There is nothing wrong with your television set
Cult series “The Outer Limits” premieres on this day in 1963
“There is nothing wrong with your television set. Do not attempt to adjust the picture. We are controlling transmission. We will control the horizontal. We will control the vertical.” The words that begin each episode of the 60s anthology series were an opening monologue than a declaration of aesthetic warfare. “The Outer Limits” premiered on September 16th, 1963, originally was broadcast from 1963 to 1965 on the U.S. television broadcasting network ABC and had a total of 49 episodes. It was one of many series influenced by “The Twilight Zone” and “Science Fiction Theater”, though it ultimately proved influential in its own right. In the unaired pilot, the series was titled “Please Stand By”, but ABC rejected it. Series creator Leslie Stevens re-titled it “The Outer Limits”. With a few changes, the pilot aired as the premiere episode, “The Galaxy Being”. Writers for “The Outer Limits” included creator Stevens and Joseph Stefano (screenwriter of Hitchcock’s Psycho), who was the series’ first-season producer and creative guiding force. Stefano wrote more episodes than any other writer for the show. Two especially notable second-season episodes “Demon With a Glass Hand” and “Soldier” were written by Harlan Ellison. The first season combined science-fiction and horror, while the second season was more focused on “hard” science-fiction stories, dropping the recurring scary monster pattern of the first season. The show is remembered largely as “the one that wasn’t The Twilight Zone,” but its tone was in some ways more confrontational, both visually and morally. The series have developed a large cult following ever since, and although was remade in 1995, the original episodes from the 60’s are still the ones that attracts new generations of fans.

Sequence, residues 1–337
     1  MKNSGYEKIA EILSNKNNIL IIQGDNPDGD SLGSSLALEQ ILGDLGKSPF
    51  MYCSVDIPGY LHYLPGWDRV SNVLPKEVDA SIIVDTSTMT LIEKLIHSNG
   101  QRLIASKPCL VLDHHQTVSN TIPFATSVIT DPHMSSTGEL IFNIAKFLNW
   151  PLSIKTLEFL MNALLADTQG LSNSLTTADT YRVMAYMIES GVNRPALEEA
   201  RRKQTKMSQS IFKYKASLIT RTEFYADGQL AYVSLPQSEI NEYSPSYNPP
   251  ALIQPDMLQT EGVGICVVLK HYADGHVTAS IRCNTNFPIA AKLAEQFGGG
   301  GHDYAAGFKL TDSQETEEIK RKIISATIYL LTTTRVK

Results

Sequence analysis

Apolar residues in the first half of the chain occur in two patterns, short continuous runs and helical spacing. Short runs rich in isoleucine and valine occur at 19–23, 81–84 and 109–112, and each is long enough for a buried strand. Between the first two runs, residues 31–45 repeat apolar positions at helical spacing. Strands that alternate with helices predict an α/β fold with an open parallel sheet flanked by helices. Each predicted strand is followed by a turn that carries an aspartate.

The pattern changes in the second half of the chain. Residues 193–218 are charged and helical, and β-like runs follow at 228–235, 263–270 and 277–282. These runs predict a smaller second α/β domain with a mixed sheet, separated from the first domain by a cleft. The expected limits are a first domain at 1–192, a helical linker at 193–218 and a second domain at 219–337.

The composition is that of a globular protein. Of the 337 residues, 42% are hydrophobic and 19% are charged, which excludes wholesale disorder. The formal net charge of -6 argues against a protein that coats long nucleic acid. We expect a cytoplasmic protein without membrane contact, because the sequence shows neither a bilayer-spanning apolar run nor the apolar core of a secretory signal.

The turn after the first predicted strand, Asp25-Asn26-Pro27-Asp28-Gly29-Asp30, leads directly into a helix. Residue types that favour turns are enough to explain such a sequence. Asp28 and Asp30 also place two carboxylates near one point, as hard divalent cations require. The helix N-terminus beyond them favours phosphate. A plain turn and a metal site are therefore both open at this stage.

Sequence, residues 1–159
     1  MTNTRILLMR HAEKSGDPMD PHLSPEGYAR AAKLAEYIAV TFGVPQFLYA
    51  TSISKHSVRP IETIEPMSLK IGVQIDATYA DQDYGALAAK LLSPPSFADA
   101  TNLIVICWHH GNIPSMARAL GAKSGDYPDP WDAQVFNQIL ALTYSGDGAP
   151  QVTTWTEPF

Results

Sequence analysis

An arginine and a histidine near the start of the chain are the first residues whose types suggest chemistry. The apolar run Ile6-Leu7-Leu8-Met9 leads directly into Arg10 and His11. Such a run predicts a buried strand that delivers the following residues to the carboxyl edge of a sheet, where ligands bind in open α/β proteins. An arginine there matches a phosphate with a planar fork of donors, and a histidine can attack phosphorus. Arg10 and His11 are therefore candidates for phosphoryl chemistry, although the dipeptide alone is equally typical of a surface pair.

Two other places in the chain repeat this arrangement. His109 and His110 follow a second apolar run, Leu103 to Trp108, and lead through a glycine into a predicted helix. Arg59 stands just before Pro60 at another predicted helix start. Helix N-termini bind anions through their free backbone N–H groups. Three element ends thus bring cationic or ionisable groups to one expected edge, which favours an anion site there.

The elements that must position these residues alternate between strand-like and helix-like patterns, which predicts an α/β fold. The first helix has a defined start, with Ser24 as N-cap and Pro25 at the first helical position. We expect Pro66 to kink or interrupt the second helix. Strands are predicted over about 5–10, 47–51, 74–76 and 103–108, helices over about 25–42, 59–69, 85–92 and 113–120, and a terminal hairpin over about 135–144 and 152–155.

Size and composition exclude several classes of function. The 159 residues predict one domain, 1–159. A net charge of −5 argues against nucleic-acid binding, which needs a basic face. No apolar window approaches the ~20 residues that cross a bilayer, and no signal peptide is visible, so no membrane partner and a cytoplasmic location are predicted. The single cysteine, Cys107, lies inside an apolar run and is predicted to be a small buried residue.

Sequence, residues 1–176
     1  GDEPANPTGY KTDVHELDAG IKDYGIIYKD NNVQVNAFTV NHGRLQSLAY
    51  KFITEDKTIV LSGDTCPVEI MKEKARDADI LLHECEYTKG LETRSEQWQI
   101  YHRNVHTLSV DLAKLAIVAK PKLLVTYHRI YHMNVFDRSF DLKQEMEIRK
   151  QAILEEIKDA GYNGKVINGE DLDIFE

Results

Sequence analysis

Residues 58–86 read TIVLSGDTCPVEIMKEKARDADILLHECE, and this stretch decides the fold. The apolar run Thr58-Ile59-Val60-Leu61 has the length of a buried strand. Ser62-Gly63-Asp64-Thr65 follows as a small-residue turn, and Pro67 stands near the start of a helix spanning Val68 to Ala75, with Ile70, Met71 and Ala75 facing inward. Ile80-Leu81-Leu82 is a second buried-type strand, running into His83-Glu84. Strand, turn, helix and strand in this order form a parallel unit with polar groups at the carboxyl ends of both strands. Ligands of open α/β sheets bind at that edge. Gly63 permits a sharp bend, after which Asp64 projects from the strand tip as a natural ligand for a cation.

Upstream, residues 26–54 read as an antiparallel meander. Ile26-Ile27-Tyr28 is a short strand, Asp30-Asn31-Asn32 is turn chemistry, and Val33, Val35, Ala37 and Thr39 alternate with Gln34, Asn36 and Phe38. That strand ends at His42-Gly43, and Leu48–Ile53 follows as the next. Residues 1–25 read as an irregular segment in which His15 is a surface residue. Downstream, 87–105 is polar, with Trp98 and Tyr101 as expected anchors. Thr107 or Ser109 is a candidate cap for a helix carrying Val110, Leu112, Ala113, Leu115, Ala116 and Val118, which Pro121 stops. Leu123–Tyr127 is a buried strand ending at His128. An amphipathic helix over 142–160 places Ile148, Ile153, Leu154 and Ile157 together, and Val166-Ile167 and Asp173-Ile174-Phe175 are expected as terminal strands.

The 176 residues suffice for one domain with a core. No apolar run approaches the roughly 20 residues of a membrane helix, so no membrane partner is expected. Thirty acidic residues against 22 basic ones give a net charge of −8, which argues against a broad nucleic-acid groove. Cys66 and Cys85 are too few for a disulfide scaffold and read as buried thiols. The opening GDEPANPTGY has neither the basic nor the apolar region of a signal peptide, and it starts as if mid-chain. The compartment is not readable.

By Ken Warren, 2017/18
Watch the original 1963 “The Outer Limits” series intro
Watch more 1960’s related videos
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